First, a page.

Don't cut the countryside!
Last modified: 14 July 2010
England’s conservation organisations have joined forces to paint a grim picture of a countryside starved of money by budget cuts.
On the 30th anniversary of the Wildlife and Countryside Link, its members have issued an unprecedented warning about what the future would hold should the Government slash spending on conservation, wildlife-friendly farming and public recreation.
The organisation will share its concerns with MPs at a parliamentary reception this evening, held to mark 30 years of working together for the natural environment.
Paul de Zylva, Chair of Wildlife and Countryside Link, said: “We all know the new Government will have a hard job making difficult and far-reaching decisions about where the axe should fall on public spending.
“There may be a temptation to see cuts in conservation and recreation as an easy win, but in reality ministers need to think very hard before making cuts that could have profound and perhaps irreversible consequences for England’s wildlife, landscapes and people.
'Short term savings would translate into huge long term costs for our economy and our national well-being'
“We want to make clear that in the case of conservation, slashing budgets would be a false economy – short term savings would translate into huge long term costs for our economy and our national well-being.”
Link fears an austerity countryside, where the loss of public money for protected sites such as Sites of Special Scientific Interest (SSSIs) has left the country’s best wildlife sites sadly degraded.
Reedbeds are dry and clogged with brambles; heathlands have vanished as scrub begins to take over. Wetlands have dwindled and rivers and canals have become clogged by invasive plants which threaten native species.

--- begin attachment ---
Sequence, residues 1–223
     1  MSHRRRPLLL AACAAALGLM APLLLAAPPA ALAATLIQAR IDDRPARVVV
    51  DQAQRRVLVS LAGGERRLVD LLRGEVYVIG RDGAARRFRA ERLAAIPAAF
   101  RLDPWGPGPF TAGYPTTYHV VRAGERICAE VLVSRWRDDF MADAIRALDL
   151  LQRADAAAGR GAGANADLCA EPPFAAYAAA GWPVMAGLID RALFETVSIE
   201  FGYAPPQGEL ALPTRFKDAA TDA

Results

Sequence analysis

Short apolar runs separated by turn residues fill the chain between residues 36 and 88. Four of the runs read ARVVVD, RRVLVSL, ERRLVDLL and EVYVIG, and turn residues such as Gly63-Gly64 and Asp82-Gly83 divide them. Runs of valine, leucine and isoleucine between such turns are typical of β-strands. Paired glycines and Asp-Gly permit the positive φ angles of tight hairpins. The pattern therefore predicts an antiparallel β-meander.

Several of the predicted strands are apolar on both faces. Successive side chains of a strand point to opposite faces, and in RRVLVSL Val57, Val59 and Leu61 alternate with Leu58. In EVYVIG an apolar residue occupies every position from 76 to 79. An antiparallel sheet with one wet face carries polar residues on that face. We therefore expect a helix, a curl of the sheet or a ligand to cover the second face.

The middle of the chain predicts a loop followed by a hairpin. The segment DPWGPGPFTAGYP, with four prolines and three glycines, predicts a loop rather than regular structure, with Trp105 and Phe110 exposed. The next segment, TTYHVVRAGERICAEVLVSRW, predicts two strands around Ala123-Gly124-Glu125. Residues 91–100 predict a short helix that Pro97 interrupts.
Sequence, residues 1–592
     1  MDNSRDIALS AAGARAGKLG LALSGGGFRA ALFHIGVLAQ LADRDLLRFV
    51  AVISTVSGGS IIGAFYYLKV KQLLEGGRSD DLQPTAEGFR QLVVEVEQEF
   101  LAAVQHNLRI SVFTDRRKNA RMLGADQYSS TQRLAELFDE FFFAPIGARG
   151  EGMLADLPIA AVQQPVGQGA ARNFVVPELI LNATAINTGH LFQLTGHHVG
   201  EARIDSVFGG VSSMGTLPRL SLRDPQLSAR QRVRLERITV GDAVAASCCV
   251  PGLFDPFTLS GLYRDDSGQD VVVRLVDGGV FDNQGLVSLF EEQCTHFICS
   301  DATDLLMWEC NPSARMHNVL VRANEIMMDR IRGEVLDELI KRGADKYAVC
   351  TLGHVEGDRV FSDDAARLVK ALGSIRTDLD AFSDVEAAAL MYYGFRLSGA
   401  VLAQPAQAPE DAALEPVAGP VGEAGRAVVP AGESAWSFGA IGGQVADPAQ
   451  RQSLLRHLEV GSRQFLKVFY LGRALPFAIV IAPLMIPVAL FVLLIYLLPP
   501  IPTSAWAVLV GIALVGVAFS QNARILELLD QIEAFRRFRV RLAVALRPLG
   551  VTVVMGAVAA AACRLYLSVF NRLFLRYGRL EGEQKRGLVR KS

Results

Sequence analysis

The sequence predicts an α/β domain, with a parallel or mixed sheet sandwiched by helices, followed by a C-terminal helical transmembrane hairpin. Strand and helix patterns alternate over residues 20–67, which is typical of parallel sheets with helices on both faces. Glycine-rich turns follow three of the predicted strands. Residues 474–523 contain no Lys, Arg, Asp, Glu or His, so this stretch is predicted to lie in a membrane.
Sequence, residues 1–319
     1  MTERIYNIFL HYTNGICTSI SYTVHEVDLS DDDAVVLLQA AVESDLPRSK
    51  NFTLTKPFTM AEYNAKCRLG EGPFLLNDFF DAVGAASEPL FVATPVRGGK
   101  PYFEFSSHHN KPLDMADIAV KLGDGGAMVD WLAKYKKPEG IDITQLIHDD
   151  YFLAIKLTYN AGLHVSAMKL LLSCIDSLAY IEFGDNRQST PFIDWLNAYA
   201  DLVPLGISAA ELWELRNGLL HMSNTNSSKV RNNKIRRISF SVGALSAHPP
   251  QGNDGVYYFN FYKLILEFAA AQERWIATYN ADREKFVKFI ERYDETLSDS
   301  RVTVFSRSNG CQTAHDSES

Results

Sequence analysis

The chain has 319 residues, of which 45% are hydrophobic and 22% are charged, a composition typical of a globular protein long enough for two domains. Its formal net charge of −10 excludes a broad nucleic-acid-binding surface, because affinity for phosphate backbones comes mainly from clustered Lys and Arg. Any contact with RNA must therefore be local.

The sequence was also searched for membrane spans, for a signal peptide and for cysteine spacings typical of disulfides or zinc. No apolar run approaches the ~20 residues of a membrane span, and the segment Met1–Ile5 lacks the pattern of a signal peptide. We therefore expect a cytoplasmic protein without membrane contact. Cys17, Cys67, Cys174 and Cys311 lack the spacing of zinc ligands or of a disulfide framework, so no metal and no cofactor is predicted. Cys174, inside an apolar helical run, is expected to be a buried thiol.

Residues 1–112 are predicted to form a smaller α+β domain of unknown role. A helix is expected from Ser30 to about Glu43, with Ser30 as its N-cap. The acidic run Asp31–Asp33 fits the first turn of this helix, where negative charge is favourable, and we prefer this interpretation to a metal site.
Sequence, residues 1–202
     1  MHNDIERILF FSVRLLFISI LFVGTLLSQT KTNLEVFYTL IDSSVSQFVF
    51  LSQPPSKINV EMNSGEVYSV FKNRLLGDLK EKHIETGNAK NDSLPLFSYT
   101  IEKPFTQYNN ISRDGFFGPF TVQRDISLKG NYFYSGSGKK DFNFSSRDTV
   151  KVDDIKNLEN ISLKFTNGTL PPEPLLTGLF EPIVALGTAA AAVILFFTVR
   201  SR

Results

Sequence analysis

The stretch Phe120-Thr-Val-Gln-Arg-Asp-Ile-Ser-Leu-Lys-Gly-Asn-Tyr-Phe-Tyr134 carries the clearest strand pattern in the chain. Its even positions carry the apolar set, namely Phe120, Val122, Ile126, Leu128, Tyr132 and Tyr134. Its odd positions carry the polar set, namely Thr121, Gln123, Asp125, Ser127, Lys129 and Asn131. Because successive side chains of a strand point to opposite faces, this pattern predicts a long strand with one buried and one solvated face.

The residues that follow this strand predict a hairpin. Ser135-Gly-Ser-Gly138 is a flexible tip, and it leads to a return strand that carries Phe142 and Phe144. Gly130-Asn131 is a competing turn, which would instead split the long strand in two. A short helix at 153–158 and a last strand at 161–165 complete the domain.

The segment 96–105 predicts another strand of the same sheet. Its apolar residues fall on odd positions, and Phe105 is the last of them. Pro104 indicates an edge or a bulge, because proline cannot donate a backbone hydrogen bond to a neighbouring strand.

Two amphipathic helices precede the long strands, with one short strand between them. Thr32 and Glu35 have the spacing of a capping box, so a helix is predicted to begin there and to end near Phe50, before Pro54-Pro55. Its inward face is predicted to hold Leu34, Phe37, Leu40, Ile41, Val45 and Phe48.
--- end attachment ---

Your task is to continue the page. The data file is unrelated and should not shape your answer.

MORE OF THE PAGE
The loss of money for wildlife-friendly farming has seen farmland birds resume their slide into extinction. Bat populations are clinging onto survival in isolated pockets, facing starvation due to the dwindling insect populations, while the country’s flower meadows have all but vanished.
England’s uplands have become degraded; their wildlife is in decline, and their ability to lock away carbon and provide clean drinking water for millions sadly reduced.
On the coasts, cuts have undone years of work to manage remaining and newly created coastal habitats such as saltmarsh and saline lagoons, impacting wildlife and flood protection.
At sea, less management and enforcement has seen a further decline in wildlife-rich reefs and seagrass beds that shelter species like seahorses and pipefish. Illegal fishing has increased, putting even more pressure on fish numbers.
There are fewer people too. Without cash to keep paths and bridleways open, huge swathes of the English countryside and coast are effectively closed to millions.
Locked up in towns and cities, unable to enjoy the country’s breathing spaces, people are less healthy, costing the National Health Service millions of extra pounds each year.
In turn, the rural economy is denied the large sums of money visitors to the countryside spend each year.
'It would be... immoral to bequeath [our grandchildren] an impoverished environment'
Paul de Zylva said: “Such a picture is not an exaggeration, but nor is it an inevitability. Minsters will need to make difficult choices about which areas of public spending offer the best value for money.
“Defra and its agencies like Natural England spend just 0.5 per cent of the Government’s budget, yet their investment in the countryside brings huge benefits in wildlife, clean air and water, flood alleviation, carbon sequestration and pollination. A healthy natural environment is not a luxury but fundamental to our existence.”
He added: “The Deputy Prime Minister has said it would be morally wrong to leave our children and grandchildren with huge debts. It would be just as immoral to bequeath them an impoverished environment and an England that is in many ways diminished.”
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